User Avatar
MoapaPk

 
Posts: 7666
Joined: Fri May 13, 2005 7:42 pm
Location: Las Vegas, Nevada, United States
Thanked: 760 times in 493 posts

Postby Rick B » Fri May 07, 2010 12:51 pm

Thanks for the replies so far. "Aimlessly exploring .. " hmm I like that :-)

I'm usually very good with heat, as long as I drink enough it doesn't bother me at all. Have to figure out how to convert those pesky Fahrenheits though to avoid surprises.

So far, Zion is definitely on the list, then driving the UT-12, Arches and Monument Valley. I'll probably decide on the day itself which hikes and sidetrips to do along the way, based on weather, time, etc.. Also, overnight hikes will apparently have to be either high up, or deep down in a cool canyon.. The Wave is off, based on the permit thingy (thanks for pointing that out! I only gawked at the pictures so far).

I still don't know whether I should go for Havasupai or not..
User Avatar
Rick B

 
Posts: 936
Joined: Thu Oct 03, 2002 4:41 pm
Location: Eindhoven, Netherlands
Thanked: 14 times in 10 posts

Postby CClaude » Fri May 07, 2010 1:58 pm

Also Havasupi requires a permit and in that timeframe is difficult to get. If you are looking to do that, check on permits now.
User Avatar
CClaude

 
Posts: 1553
Joined: Mon Mar 01, 2004 9:37 am
Location: Flagstaff, Arizona, United States
Thanked: 69 times in 41 posts

Postby Rick B » Fri May 07, 2010 9:28 pm

CClaude wrote:Also Havasupi requires a permit and in that timeframe is difficult to get. If you are looking to do that, check on permits now.


Thanks! Very useful advice, I didn't realise that there are permits needed here too.
User Avatar
Rick B

 
Posts: 936
Joined: Thu Oct 03, 2002 4:41 pm
Location: Eindhoven, Netherlands
Thanked: 14 times in 10 posts

Postby RedRoxx44 » Fri May 07, 2010 10:13 pm

White Pockets, as good a photo op at the Wave and no permit needed. 4wd--deep sand.
Dayhike Buckskin Gulch, day permit sign in at TH and free as far as I know. Be prepared for muddy shoes. Also in area is Cobra Arch, pretty nice and unusual on the plateau above Buckskin.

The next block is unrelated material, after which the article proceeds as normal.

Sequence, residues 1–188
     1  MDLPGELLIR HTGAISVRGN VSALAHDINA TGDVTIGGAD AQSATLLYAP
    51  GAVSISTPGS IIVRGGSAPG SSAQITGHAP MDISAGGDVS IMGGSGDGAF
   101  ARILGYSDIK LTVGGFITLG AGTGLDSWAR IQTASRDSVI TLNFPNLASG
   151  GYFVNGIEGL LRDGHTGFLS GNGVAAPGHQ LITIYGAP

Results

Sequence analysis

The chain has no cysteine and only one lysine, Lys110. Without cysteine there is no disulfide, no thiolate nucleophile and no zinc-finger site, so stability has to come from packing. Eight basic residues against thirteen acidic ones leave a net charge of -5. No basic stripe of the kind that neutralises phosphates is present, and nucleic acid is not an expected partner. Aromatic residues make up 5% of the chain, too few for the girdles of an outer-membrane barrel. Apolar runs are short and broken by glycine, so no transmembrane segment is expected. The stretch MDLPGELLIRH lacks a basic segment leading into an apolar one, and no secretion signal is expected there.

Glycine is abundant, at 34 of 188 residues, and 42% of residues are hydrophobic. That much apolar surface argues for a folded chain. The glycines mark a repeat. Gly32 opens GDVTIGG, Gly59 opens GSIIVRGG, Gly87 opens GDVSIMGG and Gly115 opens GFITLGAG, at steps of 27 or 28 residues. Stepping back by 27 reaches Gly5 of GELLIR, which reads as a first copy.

Antelope is pretty good but a zoo. Pay more money and go with at the most 2-4 people to Canyon X or go to Happy Canyon Narrows off the Dirty Devil River. Rather more of an adventure than most people have time for. But no permit and stunning geology if you have the right vehicle to get down Poison Springs Canyon road and hike upriver or drive up the mining road on the Black Jump and hike down. Huge pet wood in area.
Yellow Rock off Cottonwood Canyon road and lower Hackberry Canyon narrows. Free also, permit at Hackberry if overnighting. Wet foot hiking, stay off that road if a lot of rain. Ok for most vehicles if dry.

Some of the best stuff requires NO PERMIT, or is FREE....
User Avatar
RedRoxx44

 
Posts: 23
Joined: Tue Mar 01, 2005 6:28 am
Location: Tucson, Arizona, United States
Thanked: 0 time in 0 post

Postby MoapaPk » Fri May 07, 2010 11:28 pm

RedRoxx44 wrote:Dayhike Buckskin Gulch, day permit sign in at TH and free as far as I know. Be prepared for muddy shoes. Also in area is Cobra Arch, pretty nice and unusual on the plateau above Buckskin.


Great place once you get in the slot canyon, but... in Summer, start on the trail at first light from Wire Pass trailhead, and be prepared to have water cached for the route back, which has about two miles in the desert ~5000'.

And heed any weather (storm) warnings!

Cobra Arch will be Hellishly hot on a normal summer day.
User Avatar
MoapaPk

 
Posts: 7666
Joined: Fri May 13, 2005 7:42 pm
Location: Las Vegas, Nevada, United States
Thanked: 760 times in 493 posts

Postby Scott » Sat May 08, 2010 2:30 am

1. Monument valley


I would skip Monument Valley unless you will already be driving that road anyway. You can't do anything there anyway without paying a big fee.

Places like the Escalante or Fisher Towers are way better than Monument Valley.

2. Arches NP


June is hot, but the short hikes aren't so bad. Add the nearby Mill Creek, Professor Creek and maybe Negro Bill Canyon. Mill Creek and Professor Creek have nice waterfalls to cool off in. Mill Creek and Negro Bill have swimming.

3. Zion


June should be nice for the Subway. Don't miss it, but it requires permits.

4. Havasupai canyon


Very hot in June and swimming may or may not be a good idea. "Partially treated" sweage is dumped into the creek. Personally I would suggest a spring or fall visit.

5. Vermillion cliffs (the wave)


Permit requirements require planning in advance. Get one now.

6. Bryce canyon


June is pretty nice there.

7. Grand canyon